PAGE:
Several factors have been proposed to play a role in stress assignment. According to parametric accounts (e.g., Hayes 1995) and constraint-based accounts (e.g., Kager 1999) of word stress assignment, parameter settings or constraint rankings can be defined based on properties like edge-marking (left- vs. rightmost), number of feet (one vs. more than one), foot-type (trochaic vs. iambic), parsing direction (left- vs. rightwards), and quantity-sensitivity (Féry 1998; Jessen 1999). However, the suggested analyses of where to place stress in German are controversial. Apart from accounts assuming that word stress has to be lexicalized as it is largely idiosyncratic (Levelt et al. 1999), proposals differ basically according to the question whether syllable weight influences stress assignment or not. Following theories neglecting syllable weight, stress is assigned to the initial or penultimate syllable by default or – in cases deviating from the default – specified lexically to occur on the non-initial or final/antepenultimate syllable (Levelt et al. 1999; Wiese 2000). By contrast, in quantity sensitive accounts, not only the syllable structure of the rhyme, but also the position of syllables with a certain structure seem to play a role in stress assignment (Giegerich 1985; Vennemann 1991; Féry 1998). For example, Domahs et al. (2014b) analyzed the probability of stress positions in German trisyllabic words taken from the CELEX lexical database (Baayen et al. 1993) and found that words with a heavy final syllable are likely to receive either final stress or antepenultimate stress if the penultimate syllable is light (σLˈH or ˈσLH). In words with a light final syllable, the penult is most likely stressed, even more so if the penult itself is heavy (ˈLL or ˈHL). Syllable structure of the antepenultimate syllable is less commonly discussed as relevant, but there is evidence for a weak influence of antepenultimate rhyme structure on the stress pattern of German words (Röttger et al. 2012).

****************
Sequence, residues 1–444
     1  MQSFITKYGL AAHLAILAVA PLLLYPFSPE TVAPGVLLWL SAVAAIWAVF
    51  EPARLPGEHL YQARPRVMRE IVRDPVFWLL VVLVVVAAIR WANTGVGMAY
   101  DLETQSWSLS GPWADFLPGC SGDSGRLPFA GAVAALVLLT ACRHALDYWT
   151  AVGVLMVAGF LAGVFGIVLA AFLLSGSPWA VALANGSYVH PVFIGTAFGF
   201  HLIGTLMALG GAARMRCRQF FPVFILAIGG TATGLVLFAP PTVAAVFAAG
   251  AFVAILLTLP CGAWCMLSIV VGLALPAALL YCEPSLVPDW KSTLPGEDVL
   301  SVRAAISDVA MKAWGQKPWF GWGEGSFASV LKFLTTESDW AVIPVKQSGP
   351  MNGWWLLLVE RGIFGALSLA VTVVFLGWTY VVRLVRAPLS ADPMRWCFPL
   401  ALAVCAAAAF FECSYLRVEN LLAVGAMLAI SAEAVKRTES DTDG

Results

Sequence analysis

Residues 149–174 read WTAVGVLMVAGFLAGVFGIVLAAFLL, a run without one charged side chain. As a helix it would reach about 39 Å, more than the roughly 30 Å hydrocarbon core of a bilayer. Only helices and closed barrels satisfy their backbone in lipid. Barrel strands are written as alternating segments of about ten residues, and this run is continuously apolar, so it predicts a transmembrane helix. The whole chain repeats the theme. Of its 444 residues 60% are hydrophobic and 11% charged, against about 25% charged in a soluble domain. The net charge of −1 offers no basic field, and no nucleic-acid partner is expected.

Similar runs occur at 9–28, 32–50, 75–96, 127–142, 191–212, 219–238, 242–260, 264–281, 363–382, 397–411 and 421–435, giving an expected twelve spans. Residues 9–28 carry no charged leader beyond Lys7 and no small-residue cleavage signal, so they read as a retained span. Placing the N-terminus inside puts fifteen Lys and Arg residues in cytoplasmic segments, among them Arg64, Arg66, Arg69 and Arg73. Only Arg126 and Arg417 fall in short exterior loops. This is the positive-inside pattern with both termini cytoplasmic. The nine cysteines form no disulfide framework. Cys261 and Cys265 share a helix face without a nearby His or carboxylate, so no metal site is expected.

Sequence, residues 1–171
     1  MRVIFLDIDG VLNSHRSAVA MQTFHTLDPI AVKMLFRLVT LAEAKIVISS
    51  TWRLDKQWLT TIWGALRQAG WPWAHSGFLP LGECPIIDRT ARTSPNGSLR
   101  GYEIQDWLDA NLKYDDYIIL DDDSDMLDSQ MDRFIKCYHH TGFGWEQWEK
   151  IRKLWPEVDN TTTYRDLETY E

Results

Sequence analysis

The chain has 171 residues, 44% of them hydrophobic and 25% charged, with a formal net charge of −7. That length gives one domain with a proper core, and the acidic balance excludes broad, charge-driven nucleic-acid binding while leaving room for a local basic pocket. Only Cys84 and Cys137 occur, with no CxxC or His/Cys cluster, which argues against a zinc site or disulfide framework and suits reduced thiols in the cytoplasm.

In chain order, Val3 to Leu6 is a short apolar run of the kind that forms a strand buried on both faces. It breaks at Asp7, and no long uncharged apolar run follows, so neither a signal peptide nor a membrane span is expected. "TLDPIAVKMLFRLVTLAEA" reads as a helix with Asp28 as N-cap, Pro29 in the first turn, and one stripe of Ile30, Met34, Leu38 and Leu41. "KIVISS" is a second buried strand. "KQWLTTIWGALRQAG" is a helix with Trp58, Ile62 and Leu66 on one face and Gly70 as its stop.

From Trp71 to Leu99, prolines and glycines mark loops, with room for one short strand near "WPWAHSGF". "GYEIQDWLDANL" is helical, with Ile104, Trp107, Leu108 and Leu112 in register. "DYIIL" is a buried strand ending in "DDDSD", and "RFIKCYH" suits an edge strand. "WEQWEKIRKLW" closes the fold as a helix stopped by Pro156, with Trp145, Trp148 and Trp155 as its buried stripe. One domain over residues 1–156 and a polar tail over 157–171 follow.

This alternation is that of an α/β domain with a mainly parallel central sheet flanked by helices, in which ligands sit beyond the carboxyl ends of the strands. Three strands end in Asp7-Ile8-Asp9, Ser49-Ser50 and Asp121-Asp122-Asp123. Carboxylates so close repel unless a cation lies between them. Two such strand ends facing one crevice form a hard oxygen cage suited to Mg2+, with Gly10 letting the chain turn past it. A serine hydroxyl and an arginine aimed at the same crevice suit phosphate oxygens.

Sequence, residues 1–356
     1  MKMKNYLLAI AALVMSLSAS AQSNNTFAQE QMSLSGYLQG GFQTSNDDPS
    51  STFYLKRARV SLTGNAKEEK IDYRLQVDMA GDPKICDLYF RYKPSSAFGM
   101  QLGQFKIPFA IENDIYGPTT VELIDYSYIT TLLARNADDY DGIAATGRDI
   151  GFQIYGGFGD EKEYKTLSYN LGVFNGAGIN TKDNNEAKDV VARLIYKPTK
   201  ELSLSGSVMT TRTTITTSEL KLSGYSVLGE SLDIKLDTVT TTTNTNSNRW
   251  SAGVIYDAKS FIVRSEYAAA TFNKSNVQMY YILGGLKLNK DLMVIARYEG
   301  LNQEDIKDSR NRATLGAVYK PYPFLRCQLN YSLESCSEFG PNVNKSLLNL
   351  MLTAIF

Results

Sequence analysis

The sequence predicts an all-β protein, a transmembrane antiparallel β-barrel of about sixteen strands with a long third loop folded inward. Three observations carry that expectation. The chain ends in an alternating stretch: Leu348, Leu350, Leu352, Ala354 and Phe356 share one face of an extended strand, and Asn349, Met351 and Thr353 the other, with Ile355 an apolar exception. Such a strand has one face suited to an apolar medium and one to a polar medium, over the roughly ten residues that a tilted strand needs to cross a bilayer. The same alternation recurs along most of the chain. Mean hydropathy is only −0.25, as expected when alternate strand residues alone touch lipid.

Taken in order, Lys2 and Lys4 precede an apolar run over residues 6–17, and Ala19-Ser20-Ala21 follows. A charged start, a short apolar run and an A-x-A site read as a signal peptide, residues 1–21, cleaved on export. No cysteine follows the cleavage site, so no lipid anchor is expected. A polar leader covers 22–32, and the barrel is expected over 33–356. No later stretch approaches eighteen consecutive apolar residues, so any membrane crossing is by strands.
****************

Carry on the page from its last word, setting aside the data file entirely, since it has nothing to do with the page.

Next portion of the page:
The observation that the word stress position depends on the structure of the final syllable is interpreted as evidence for the existence of trochaic foot structure in German (Giegerich 1985; Féry 1998; Janssen 2003). A heavy final syllable can be parsed as a monosyllabic foot and additional syllables to the left as additional bisyllabic feet (e.g., Vitamin [(vi.ta)F.(‘miːn)F] ‘vitamin’). This way, trisyllabic words ending in a heavy syllable can be parsed into two feet, while those with a light final syllable only into one (e.g., Zitrone [tsi.(‘troː.nə)F]) ‘lemon’). In addition, also the number of syllables within a word and their parity (even or odd) may affect the parsing of syllables into feet (Ernestus & Neijt 2008). Words with an even number of syllables tend to build bisyllabic feet where the rightmost foot receives main stress (i.e. penultimate stress), while words with an odd number of syllables tend to receive final or antepenultimate stress (Janßen & Domahs 2008). In contrast to the rhyme structure, onset complexity seems to have only a small influence at best (Mengel 2000; Röttger et al. 2012).